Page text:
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D.U.I. DeKalb State Court. Before Judge McLaughlin.
Appellant, General Grant, appeals his sentence and judgment of conviction of driving under the influence. Officer Watts of the Doraville Police Department was on duty on the evening of the incident. He had completed the state-mandated training as a police officer. He observed a car that was failing to maintain lane control, that is, it was not staying in its own lane. It was "weaving into the other lanes"; it was "stopping, going, stopping"; it was "[j]ust swerving all over the road." Officer Watts was within fifty feet of the vehicle, and he followed it for about one-half mile. Officer Watts stopped the car that appellant was driving. Officer Watts detected "a [very] strong odor of an alcoholic beverage upon [appellant]." Appellant responded in an abusive manner to routine questioning and said that he had had three or four beers. Appellant was asked to step to the rear of the vehicle for a sobriety check. Appellant's "eyes were red and glassy looking and he kind of slurred his speech." Because of appellant's continued abusive behavior, Officer Watts elected not to proceed with the sobriety test and placed appellant under arrest for DUI.
At trial, Officer Watts testified, based on his experience as a police officer and his personal observations of appellant, that in his opinion he knew appellant "was under the influence." Officer Watts also expressed his opinion that appellant was under the influence to the extent that it made him less safe to drive a car, and that Watts "felt like he shouldn't be operating a motor vehicle."
On cross-examination, Watts testified that on the date of the incident he had been a police officer for two years -- one year of which he was on the road uncertified; and that on the date of the incident, he was certified and had been so for about six months.
Appellant testified that he had drunk two Bud Lights that evening and some NyQuil, that he was driving the car, and that he was not driving under the influence. Held:
1. Appellant asserts that the judgment of conviction is not supported by the evidence, and argues inter alia that an adequate foundation was not laid for the admission of the officer's opinion as to appellant's sobriety.
Appellant did not pose a timely specific objection to the opinion testimony of the officer. Failure to make a timely and specific objection at trial may be treated as waiver on appeal. Bennett v. State, 187 Ga. App. 234 (369 SE2d 552). In the case sub judice "[t]here is nothing for us to review since appellant failed to make his objection at trial on the specific ground he attempts to raise on appeal." Weaver v. State, 179 Ga. App. 641 (7) (347 SE2d 295).
Moreover, the record reflects that adequate foundation exists for the opinion testimony, and that no error occurred in the admission of such evidence. Compare Chance v. State, 193 Ga. App. 242 (1) (387 SE2d 437) with Potts v. State, 191 Ga. App. 75 (1) (381 SE2d 99) and House v. State, 184 Ga. App. 724 (2) (362 SE2d 429).
On appeal the evidence must be viewed in a light most favorable to the verdict, and appellant no longer enjoys a presumption of innocence; moreover, on appeal this court determines evidence sufficiency, and does not weigh the evidence or determine witness credibility. Smith v. State, 192 Ga. App. 768 (1) (386 SE2d 530); Watts v. State, 186 Ga. App. 358 (1) (366 SE2d 849). Review of the transcript in a light most favorable to the verdict reveals ample evidence from which any rational trier of fact could have found beyond a reasonable doubt that appellant was guilty of the DUI offense of which he was convicted. Jackson v. Virginia, 443 U. S. 307 (99 SC 2781, 61 LE2d 560). This enumeration of error is without merit.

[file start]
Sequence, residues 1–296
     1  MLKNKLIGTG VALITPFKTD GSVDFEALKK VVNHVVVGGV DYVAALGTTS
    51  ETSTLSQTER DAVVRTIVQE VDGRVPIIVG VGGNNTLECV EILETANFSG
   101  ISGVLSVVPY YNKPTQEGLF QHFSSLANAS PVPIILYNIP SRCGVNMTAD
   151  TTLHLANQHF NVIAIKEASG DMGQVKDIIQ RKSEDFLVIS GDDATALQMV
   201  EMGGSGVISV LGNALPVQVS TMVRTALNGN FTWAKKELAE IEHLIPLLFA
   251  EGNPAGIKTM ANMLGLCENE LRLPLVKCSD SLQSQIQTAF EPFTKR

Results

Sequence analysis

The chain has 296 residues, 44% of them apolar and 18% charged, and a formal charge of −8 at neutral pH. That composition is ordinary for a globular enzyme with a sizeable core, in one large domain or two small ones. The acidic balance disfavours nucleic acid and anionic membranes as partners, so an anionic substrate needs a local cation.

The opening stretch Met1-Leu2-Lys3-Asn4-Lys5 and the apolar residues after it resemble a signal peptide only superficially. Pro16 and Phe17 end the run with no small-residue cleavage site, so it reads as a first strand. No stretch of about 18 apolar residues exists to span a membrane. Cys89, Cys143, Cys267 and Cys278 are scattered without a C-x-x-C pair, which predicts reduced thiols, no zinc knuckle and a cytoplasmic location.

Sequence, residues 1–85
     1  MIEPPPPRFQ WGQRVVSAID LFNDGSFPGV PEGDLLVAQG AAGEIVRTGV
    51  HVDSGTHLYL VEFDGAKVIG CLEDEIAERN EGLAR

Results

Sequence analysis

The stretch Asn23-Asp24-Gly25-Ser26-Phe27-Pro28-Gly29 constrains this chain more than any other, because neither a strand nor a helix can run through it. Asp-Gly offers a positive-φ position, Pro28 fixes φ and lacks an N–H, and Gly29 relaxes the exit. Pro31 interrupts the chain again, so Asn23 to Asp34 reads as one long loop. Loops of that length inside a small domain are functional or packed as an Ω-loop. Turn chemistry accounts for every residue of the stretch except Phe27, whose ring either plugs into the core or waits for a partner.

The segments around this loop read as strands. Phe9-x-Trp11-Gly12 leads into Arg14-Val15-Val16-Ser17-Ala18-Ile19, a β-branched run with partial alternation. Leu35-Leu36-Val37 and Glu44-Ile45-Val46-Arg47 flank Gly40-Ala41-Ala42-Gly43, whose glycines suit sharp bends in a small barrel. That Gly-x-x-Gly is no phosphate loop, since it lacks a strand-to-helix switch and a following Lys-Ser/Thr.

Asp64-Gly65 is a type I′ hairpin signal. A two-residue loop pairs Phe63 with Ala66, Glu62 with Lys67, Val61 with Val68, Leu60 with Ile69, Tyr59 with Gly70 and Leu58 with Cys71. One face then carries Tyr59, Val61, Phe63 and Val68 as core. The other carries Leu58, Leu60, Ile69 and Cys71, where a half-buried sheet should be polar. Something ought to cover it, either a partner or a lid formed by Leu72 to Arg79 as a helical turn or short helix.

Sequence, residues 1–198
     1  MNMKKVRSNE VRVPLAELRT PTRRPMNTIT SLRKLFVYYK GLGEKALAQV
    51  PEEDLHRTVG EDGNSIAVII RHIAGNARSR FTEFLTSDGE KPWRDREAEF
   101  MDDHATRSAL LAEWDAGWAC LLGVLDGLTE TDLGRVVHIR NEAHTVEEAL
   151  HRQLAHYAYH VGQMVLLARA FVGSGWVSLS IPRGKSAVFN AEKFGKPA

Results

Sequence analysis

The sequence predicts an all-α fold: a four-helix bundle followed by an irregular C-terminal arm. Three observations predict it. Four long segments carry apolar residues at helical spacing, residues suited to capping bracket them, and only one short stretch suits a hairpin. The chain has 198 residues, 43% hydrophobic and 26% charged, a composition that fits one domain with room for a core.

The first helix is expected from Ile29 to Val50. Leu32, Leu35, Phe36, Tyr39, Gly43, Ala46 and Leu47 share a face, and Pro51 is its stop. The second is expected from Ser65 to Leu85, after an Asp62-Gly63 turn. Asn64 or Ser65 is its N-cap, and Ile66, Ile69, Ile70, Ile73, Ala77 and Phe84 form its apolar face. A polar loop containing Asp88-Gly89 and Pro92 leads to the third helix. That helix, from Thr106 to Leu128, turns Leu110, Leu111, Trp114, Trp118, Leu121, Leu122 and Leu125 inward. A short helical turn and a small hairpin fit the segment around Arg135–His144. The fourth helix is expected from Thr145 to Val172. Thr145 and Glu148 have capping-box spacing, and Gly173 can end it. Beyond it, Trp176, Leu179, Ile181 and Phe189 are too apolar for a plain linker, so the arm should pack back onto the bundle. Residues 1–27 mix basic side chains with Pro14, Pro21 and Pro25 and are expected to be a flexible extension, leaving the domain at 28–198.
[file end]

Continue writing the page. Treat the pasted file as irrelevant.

2. Appellant asserts that the sentence of the trial court is so confusing and ambiguous that the case should be remanded to state court for resentencing.
It is a general rule that " '[i]f there is any doubt as to the effect of a criminal sentence the defendant will be given the benefit of such doubt. [Cit.] An accused is entitled to rely on the provisions set forth in the sentencing document if he is not informed to the contrary when the sentence is imposed.' " Parker v. State, 188 Ga. App. 738, 739 (374 SE2d 230). In determining whether a sentence is ambiguous this court may consider the entire record, including any announcement or explanation of sentence contained in the trial transcript. "However, the written sentence controls over the trial court's oral pronouncements regarding sentencing." Davis v. State, 172 Ga. App. 787, 791 (324 SE2d 767).
Examining the trial record, we find that an ambiguity exists between the sentence orally announced and that subsequently written by the trial judge. This ambiguity we will resolve by finding the written sentence controlling. Davis, supra. Examining the written sentence announced by the trial judge, we find that it is, on its face, confusing and ambiguous, and that even with the aid of the oral sentence pronouncements made in open court, this ambiguity cannot be resolved with reasonable certainty. "Because we are unsure what the trial court intended to accomplish by this . . . written sentence, we will not attempt a determination of its 'reasonableness' at this time." Davis, supra. Therefore, we will reverse the sentence, in effect causing its vacation, and remand this case to the trial court for appropriate resentencing.
Ralph T. Bowden, Jr., Solicitor, R. Andrew Fernandez, Cliff Howard, Assistant Solicitors, for appellee.
John D. McCord III, for appellant.
Thursday May 21 01:03 EDT

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